Federal Court Abstention Doctrine
A concept that is difficult to master for even the most intelligent legal scholars is that of abstention. Abstention is where the court that is hearing the case chooses not to go forward so the other court can adjudicate the action.
IntroductionIn many ways, abstention is the result of a system in which there is no mechanism to force courts to stop adjudicating cases when there is parallel litigation proceeding. In some ways it is constitutional avoidance taken to the extreme. If there is a case where a constitutional issue could be implicated, yet if another court interprets the case in a certain way the constitutional issue is not raised, abstention applies. Many law school federal courts classes study abstention in detail.
Pullman, the first or most famous abstention case.Pullman was a 1941 Supreme Court case. There the Court had to deal with the thorny issue of racial discrimination in employment on the railways in Texas. The Court didn't seem ready at the time to make a large Constitutional decision of such magnitude and thus invoked abstention. The Federal claims at issue in the lawsuit were Equal Protection Clause from the Federal Constitution.. There was also a supplemental state law claim about if the TX railroad commission had the authority to promulgate the rule. The case filed was clearly within supreme court's jurisdiction. The Supreme Court decided the Federal district court must dismiss the case. The Court shows that abstention can be reversible error in this decision.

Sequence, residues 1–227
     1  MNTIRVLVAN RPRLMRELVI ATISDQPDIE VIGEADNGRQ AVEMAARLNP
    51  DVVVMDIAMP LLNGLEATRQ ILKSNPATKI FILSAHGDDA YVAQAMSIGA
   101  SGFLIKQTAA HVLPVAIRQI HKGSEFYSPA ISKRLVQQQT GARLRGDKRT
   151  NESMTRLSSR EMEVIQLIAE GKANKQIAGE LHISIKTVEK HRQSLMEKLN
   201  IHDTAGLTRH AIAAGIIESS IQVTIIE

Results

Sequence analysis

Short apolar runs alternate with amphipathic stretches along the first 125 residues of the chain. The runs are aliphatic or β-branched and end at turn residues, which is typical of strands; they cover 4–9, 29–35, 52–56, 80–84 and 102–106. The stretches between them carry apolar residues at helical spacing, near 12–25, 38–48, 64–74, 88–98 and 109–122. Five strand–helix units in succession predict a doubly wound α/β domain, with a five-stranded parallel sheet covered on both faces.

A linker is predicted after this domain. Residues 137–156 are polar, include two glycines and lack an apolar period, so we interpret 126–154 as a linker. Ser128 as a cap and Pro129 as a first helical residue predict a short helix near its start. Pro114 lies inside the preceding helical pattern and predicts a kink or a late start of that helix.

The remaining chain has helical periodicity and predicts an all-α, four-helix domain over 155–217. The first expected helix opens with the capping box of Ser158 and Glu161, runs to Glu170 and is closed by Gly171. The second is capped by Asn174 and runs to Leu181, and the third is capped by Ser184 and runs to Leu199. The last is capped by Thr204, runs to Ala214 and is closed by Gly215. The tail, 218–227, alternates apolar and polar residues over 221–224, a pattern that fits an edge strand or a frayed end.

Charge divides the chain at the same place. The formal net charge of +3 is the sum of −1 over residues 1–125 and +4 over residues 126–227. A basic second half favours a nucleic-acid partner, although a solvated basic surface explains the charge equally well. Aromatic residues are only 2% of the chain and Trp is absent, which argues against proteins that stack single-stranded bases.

Pullman stands for several propositions: 1) The State law claim could be dispositive. 2) The Court assumes that State Courts are better at resolving state law Qs. 3) The State law Q must be unclear. 4) Const avoidance allowed and the impetus for the doctrine. 5) Pullman involved sensitive matters. 6) The Court relied on its inherent powers of equitable discretion.
Younger AbstentionThe Supreme Court stated that federal courts should abstain from enjoining state court criminal proceedings, if the proceedings have already began. In very limited circumstances issuing the injunction would be permissible: If irreparable harm is both great and immediate, or where state law is flagrant and patent violation of express Constitutional provisions or where there*s bad faith or harassment. 18 USC 1983 changed the relationship between the states and the federal government. The Supreme Court held the federal district court erred in deciding that it absolutely lacked power in 1983 action to enjoin proceeding in state court under any circumstances whatsoever.
ConclusionIn a typical Pullman case the issue is whether federal plaintiffs should go to state court for state law issues. The result of applying Pullman is the federal issue is postponed.
In a typical Younger case the issue is whether a state proceeding should be litigated at all. Dismissal is the usual result.
Some criticisms of the doctrine is that it does not respect congressional policy of requiring abstention in suits under 18 USC 1983. It relegates plaintiffs with federal law claims to state forums, and erects a barrier to prospective and class relief.
Understanding when abstention can apply is challenging, keeping in mind these basic guidelines give you an excellent place to start.